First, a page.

Ontario’s days as a manufacturing hub are far from over. The province is home to an ever-growing number of specialized and niche manufacturers. Further, some manufacturing is reshoring from emerging markets. However, American and Mexican jurisdictions are increasingly aggressive in attracting investment. The provincial and federal governments need to develop a shared and targeted strategy focused on attracting and fostering manufacturing investments in areas where Ontario can be globally competitive. For their part, Ontario businesses need to invest more in productivity-enhancing technology.  A previous Emerging Stronger recommendation is worth repeating: firms and sector organizations need to benchmark their productivity relative to their global peers and, where they fall behind, invest more in productivity-enhancing technology.

The Emerging Stronger brand is based on five priorities: 

  1. Fostering a culture of innovation and smart risk-taking in order to become a productivity leader
  2. Building a 21st century workforce
  3. Restoring fiscal balance by improving the way government works
  4. Taking advantage of new opportunities in the global economy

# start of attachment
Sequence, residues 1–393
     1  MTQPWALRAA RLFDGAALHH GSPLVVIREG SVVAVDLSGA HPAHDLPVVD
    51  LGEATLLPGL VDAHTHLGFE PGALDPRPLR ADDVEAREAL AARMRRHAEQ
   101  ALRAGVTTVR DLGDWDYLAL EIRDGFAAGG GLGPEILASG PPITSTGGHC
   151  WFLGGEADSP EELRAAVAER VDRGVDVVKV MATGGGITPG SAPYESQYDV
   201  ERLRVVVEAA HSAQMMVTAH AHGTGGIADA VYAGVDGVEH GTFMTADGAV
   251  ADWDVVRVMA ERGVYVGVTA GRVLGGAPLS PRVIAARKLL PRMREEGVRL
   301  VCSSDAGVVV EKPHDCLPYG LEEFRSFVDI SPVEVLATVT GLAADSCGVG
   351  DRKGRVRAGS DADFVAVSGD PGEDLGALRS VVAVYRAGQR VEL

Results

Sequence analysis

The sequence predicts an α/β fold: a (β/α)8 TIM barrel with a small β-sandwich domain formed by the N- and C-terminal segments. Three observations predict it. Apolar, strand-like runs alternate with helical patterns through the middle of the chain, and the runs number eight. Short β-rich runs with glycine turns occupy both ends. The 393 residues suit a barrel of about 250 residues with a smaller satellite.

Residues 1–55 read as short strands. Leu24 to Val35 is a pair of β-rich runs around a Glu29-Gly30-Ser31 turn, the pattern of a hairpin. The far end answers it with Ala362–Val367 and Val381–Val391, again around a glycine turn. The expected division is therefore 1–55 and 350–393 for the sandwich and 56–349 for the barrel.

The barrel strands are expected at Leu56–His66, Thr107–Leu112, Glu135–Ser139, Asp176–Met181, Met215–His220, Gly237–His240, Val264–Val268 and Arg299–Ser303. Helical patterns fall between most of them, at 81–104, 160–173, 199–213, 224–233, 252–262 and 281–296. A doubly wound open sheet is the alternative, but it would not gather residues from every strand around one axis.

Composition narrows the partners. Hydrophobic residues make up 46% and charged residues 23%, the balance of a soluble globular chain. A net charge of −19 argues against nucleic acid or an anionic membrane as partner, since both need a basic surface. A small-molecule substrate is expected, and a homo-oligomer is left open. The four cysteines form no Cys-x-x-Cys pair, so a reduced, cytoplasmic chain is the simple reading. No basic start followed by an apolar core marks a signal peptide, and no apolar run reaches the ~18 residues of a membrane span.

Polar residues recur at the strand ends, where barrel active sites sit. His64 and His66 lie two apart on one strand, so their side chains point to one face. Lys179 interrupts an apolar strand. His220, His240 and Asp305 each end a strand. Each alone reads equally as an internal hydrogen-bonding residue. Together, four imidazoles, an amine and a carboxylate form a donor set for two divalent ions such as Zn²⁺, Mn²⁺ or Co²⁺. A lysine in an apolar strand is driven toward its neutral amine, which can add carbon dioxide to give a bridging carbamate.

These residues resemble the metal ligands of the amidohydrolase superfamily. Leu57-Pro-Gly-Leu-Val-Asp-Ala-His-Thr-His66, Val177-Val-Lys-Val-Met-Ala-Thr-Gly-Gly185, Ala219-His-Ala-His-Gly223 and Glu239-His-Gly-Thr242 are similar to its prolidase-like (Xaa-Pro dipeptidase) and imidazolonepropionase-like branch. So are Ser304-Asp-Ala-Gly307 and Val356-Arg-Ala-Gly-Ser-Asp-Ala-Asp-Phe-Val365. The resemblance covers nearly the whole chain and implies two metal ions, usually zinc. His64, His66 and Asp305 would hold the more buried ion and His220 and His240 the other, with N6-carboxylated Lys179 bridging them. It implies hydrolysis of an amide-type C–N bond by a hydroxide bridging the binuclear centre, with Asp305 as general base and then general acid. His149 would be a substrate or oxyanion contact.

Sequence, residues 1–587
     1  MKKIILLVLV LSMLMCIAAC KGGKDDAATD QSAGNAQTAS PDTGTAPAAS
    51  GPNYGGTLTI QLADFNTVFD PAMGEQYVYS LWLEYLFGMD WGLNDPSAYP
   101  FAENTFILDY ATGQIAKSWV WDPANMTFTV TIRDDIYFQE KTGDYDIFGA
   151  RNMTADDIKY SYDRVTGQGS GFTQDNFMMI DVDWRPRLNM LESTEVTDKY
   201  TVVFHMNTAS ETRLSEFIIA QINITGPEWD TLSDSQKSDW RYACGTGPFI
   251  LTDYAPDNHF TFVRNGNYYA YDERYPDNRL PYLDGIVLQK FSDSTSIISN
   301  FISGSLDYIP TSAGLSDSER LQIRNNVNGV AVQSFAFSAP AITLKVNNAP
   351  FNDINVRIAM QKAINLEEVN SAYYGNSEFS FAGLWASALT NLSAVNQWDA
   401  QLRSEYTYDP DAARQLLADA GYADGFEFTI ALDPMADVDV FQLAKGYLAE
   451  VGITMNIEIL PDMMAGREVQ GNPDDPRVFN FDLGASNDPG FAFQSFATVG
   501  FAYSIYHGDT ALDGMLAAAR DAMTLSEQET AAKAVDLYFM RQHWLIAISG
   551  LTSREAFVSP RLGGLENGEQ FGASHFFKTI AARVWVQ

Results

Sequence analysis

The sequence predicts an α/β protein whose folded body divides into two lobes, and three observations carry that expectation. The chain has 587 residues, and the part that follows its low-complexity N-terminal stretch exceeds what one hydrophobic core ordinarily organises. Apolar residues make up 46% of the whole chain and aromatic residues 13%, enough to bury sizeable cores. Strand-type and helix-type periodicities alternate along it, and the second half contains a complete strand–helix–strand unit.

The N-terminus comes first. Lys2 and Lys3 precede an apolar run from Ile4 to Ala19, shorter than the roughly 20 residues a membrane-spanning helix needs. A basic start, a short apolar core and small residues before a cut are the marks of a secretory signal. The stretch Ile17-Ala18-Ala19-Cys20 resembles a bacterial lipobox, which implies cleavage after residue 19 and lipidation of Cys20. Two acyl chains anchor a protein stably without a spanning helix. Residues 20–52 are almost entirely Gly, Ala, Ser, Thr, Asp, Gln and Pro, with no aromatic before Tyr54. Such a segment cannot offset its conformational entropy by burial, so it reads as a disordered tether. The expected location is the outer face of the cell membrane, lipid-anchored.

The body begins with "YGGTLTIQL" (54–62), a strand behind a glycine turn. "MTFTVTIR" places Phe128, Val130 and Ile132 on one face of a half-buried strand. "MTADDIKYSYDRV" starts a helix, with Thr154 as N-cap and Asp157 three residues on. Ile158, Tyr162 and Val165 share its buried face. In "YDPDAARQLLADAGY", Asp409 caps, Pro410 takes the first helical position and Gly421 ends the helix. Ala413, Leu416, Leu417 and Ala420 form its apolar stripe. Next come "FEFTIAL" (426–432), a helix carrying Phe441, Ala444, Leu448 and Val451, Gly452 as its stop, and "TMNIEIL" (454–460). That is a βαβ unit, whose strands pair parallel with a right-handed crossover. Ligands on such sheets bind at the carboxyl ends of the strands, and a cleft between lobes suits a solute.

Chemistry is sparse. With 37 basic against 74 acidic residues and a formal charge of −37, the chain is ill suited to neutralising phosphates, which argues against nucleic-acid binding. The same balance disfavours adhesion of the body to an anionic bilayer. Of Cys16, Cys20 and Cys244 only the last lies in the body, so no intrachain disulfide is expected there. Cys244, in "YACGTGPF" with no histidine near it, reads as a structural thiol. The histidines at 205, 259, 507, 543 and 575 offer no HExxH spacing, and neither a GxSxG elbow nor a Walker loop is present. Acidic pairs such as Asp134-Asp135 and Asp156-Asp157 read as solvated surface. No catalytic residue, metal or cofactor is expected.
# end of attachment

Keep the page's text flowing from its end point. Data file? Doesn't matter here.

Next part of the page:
5. Identifying, championing, and strategically investing in our competitive advantages in the global economy

Thanks to our research partners, the Mowat Centre at the University of Toronto and Leger Marketing.

What the provincial leaders are saying about Emerging Stronger 2015

Andrea Horwath Leader of Ontario’s New Democrats – “People are the economy. New Democrats believe that Ontario’s economy can only emerge stronger if hardworking families are doing well. Like the authors of Emerging Stronger, New Democrats believe that by investing in people, and putting a strategic focus on research and innovation, we can lay the groundwork for a sound economic future. By targeting tax incentives, government can help business across sectors to create and protect good-paying jobs here at home in Ontario.”